And for once in his life Kerry would be correct. Since the foundation of the US starts with our Declaration outlining our grievances in the then ongoing war with Britain, by definition the British can't be the first. And since France were US allies in that war they are truly the first. But the British are likely to always be the closest allies.
Well, I was only referring to this particular instance. Overall, the fraternity of sppok organisations has behaved with extreme dodginess.
For some reason I am more repulsed by the thought of a private company discovering threats against the general population and chosing to sell that info to those who can pay best, rather than doing the decent (but admitedly not profitable) thing.
There is little doubt that Canada is the USA's secret weapon, over and over and over. No border in the world has as many business and people crossings as the US & Canada. When US citizens needed to be smuggled from Iran in 1980, it was the Canadians that got it done.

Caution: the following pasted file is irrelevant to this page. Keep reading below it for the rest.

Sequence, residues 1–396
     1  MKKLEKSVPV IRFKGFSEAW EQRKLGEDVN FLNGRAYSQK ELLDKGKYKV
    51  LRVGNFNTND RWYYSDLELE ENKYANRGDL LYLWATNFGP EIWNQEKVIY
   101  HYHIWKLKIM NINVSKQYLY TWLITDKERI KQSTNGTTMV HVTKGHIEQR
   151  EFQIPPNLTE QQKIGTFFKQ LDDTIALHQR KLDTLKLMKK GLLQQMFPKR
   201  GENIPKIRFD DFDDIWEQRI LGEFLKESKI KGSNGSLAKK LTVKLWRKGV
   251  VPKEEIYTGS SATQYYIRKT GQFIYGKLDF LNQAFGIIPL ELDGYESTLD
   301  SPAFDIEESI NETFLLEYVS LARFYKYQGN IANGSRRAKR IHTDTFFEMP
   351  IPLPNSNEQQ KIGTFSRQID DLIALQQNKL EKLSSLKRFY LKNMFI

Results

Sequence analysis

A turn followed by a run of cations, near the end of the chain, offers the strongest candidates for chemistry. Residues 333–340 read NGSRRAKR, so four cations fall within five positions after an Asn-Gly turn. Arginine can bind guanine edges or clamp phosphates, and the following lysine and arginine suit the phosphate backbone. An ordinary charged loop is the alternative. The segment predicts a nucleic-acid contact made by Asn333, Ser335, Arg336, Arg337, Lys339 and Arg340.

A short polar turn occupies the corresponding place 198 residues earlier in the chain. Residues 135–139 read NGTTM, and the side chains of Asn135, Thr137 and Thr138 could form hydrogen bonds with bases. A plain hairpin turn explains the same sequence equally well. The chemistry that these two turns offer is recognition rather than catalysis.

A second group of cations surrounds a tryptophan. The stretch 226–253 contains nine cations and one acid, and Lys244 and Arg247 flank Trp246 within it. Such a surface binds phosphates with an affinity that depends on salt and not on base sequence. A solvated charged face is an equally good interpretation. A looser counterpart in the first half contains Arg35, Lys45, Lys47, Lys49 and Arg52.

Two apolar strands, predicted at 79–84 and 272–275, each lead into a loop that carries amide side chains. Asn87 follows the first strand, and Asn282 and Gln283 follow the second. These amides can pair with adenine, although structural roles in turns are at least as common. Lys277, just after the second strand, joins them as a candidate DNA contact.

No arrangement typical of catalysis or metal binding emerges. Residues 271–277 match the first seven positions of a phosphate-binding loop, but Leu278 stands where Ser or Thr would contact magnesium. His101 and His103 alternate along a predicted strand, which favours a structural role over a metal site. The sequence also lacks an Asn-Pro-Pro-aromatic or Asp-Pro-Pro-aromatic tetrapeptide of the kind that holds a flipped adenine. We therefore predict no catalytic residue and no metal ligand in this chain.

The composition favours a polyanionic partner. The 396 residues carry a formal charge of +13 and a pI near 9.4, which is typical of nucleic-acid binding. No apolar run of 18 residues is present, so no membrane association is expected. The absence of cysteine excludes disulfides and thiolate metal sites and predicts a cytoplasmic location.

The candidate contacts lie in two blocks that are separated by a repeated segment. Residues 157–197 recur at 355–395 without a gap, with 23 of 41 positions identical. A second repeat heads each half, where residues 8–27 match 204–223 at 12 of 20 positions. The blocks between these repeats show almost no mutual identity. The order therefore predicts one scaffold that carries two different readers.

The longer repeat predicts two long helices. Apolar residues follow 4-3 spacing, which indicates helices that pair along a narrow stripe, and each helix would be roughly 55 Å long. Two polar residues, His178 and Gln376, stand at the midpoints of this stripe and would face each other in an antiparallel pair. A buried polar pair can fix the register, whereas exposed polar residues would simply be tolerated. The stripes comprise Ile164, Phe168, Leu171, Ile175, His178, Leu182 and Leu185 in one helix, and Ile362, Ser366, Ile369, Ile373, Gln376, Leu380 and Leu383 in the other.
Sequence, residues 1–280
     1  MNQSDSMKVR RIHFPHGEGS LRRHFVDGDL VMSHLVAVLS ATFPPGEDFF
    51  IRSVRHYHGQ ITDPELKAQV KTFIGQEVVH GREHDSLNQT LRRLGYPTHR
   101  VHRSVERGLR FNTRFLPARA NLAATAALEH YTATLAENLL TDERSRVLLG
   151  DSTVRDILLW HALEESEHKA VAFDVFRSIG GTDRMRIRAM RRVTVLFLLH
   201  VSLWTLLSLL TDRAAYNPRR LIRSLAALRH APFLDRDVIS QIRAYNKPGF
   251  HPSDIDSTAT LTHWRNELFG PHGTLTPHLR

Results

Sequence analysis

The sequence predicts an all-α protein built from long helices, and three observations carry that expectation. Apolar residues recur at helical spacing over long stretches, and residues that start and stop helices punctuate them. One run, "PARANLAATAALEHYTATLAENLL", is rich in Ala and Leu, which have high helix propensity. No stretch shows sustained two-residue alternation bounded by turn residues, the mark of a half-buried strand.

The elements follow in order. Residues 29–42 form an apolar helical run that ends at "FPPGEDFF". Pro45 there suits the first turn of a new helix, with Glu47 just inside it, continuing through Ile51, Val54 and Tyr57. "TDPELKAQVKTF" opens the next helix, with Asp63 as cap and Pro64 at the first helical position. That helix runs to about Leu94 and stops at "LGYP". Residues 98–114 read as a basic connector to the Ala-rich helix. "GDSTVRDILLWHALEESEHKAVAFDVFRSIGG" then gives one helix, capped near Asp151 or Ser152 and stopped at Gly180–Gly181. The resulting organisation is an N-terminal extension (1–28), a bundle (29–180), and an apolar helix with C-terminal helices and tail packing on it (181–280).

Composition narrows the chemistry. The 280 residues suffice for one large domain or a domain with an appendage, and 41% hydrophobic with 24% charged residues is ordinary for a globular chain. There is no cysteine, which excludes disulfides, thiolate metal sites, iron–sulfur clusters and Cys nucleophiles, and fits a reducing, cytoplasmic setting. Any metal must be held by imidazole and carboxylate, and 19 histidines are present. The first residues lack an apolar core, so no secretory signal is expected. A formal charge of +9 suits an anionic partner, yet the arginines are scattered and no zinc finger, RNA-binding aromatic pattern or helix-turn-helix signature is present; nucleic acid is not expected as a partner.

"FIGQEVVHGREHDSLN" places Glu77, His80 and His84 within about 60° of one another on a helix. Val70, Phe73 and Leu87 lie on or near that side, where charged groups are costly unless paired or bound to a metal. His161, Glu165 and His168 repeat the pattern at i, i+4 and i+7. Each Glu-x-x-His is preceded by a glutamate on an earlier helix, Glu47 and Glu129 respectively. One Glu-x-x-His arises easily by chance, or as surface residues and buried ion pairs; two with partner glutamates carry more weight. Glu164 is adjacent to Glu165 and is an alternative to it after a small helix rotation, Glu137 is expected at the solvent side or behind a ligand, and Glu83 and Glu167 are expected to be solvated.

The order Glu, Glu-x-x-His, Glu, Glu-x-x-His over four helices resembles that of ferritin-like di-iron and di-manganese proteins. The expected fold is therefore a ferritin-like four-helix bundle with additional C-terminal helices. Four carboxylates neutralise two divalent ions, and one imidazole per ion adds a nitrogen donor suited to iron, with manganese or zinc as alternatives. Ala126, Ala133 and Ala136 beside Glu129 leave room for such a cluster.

To Americans, acceptance of non-Americans always starts with Canadians.
'Canadiens' because they never quite see themselves as a single group, though.
Canadiens is the way Quebecers spell it, and Canadians elsewhere. Then you have the bitter separatist French that don't call themselves Canadien, but instead Quebecois. Not all the French-Canadiens are bad, in fact most of them are good people. Canadiens and Canadians could be your best friend, but the Quebecois hate Americanism and are ignorant people so not likely to be your (American) best friend. To make it more complex, there are Quebecers and Quebecois, the Quebecers are good people and the Quebecois are separatist.
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To be clear, Special Forces refers to the Army Special Forces, which are usually more involved with local populations indoctrination during invasions, etc. Special Operations Forces (Navy SEALs, Recon Marines, etc.) are more likely to be involved in subterfuge where it is advantageous to use adversaries' weaponry to cover up a covert operation.